Metal Painting and Coating Operations

Table of Contents  Background  Regulatory Overview  Planning P2 Programs  Overview of P2  Surface Preparation
Alternatives to Solvent-Borne Coatings  Application Techniques  Curing Methods  Equipment Cleaning

Appendix D HVLP Spray Gun Purchasing Guidelines

The Wisconsin Department of Natural Resources developed the following list of purchasing considerations for HVLP guns to help Wisconsin businesses identify and evaluate current pollution prevention opportunities. Although this list does not cover every aspect of equipment selection, it includes some of the more important points and provides considerations for evaluating HVLP equipment.

  • Would a cup-fed or a tank-fed sprayer be best for the applications?
  • A cup-fed sprayer is an excellent choice for small jobs because it can be loaded with only the amount of paint that is needed.
  • A tank-fed sprayer would be more effective for continuous, large volume operations in which the tank would need to provide a substantial supply of paint.
  • Would the firm want to add an air heater to the HVLP system?
  • Air heaters may decrease the drying time.
  • Air heaters will increase the transfer efficiency of high solids coating material.
  • Air heaters reduce the moisture condensation inside the system.
  • Can the firm adapt any part of the existing system to the HVLP system or will they need to replace the system as a whole?
  • Is the spray equipment warranted for use with the material that you want to apply?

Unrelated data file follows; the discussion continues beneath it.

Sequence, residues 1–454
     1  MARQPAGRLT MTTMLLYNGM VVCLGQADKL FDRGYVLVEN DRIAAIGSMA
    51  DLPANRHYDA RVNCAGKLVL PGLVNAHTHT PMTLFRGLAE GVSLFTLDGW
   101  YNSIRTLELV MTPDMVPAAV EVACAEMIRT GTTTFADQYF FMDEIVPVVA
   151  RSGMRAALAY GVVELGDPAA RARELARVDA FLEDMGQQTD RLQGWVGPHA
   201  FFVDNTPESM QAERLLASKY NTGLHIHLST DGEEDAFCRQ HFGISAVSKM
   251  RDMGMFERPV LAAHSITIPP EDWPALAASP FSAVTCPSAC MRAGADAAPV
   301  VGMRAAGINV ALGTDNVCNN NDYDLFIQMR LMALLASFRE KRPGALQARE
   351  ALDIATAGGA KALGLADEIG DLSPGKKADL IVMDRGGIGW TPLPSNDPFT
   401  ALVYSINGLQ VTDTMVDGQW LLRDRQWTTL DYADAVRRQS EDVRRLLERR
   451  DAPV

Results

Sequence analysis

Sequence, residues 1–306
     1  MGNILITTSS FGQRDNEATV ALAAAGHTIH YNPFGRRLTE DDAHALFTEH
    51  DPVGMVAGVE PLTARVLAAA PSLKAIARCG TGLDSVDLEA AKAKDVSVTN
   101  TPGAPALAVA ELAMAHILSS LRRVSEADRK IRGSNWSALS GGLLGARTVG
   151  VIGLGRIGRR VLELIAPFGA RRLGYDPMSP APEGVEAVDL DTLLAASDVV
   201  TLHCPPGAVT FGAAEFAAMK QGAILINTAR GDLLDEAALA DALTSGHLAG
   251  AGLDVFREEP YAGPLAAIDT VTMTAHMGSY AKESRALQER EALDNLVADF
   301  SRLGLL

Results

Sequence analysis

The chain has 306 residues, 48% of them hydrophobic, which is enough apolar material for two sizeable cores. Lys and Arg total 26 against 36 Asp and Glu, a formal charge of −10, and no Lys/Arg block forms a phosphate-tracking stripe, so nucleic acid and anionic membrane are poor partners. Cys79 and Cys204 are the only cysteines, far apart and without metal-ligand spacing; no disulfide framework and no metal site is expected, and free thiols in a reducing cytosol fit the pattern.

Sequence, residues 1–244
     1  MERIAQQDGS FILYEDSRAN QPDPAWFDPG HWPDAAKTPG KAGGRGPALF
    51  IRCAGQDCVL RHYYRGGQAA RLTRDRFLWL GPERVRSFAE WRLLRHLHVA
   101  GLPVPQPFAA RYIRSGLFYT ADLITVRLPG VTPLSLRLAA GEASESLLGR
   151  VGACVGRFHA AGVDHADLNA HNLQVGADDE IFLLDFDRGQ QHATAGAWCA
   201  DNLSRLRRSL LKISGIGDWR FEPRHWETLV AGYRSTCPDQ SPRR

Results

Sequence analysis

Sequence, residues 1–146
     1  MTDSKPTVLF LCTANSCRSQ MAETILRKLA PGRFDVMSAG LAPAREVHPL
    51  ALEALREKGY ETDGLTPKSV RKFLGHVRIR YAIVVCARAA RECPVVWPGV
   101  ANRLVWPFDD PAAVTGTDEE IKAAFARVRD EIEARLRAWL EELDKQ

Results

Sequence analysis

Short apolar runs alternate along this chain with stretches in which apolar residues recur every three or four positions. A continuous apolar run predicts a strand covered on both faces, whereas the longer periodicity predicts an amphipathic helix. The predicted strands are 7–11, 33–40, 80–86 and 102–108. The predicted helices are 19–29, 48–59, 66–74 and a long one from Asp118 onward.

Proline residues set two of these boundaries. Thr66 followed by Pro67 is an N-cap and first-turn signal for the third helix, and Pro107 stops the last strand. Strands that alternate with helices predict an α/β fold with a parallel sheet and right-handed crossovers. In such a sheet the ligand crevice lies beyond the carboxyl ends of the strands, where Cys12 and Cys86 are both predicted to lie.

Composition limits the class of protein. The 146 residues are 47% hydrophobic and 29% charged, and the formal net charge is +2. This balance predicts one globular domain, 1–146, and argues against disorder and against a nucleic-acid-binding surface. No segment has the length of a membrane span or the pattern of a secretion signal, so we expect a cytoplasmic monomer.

• Are the electrical controls and components UL listed, and do they meet the firm's standards for safety at their facility?
  • What is the weight of the spray gun?
  • If the gun is used for an entire shift, the weight of the gun could affect the productivity of the worker using it.
  • A spray gun made from composite materials may be lighter than a gun made from metal.
  • What are the available sizes and shapes of the nozzles that can be used on the spray gun? Are the nozzles compatible with the material that must be applied?
  • Is the equipment easy to disassemble (and reassemble) for the cleaning and maintenance of critical parts?
  • Gun washers are considered by some to be an effective means of cleaning spray equipment. Some services rent these gun washers and sell the solvents that are used in them. When the washing solvent is dirty, the service will pick up the old solvent for recycling and drop off new cleaner.
  • If you need to supply multiple HVLP spray guns simultaneously, will the operation of the spray equipment be affected significantly?
  • Can an automatic positioner be added to the HVLP system?
  • An automatic positioner holds the spray gun in the desired position while the material is applied. This reduces worker fatigue and improves reproducibility.
  • Are there any local, state or federal health and safety or environmental quality regulations that apply to the use of this equipment?
  • What are the electrical power requirements for the HVLP system? Is the system energy efficient? (MnTAPb, p. 1-3)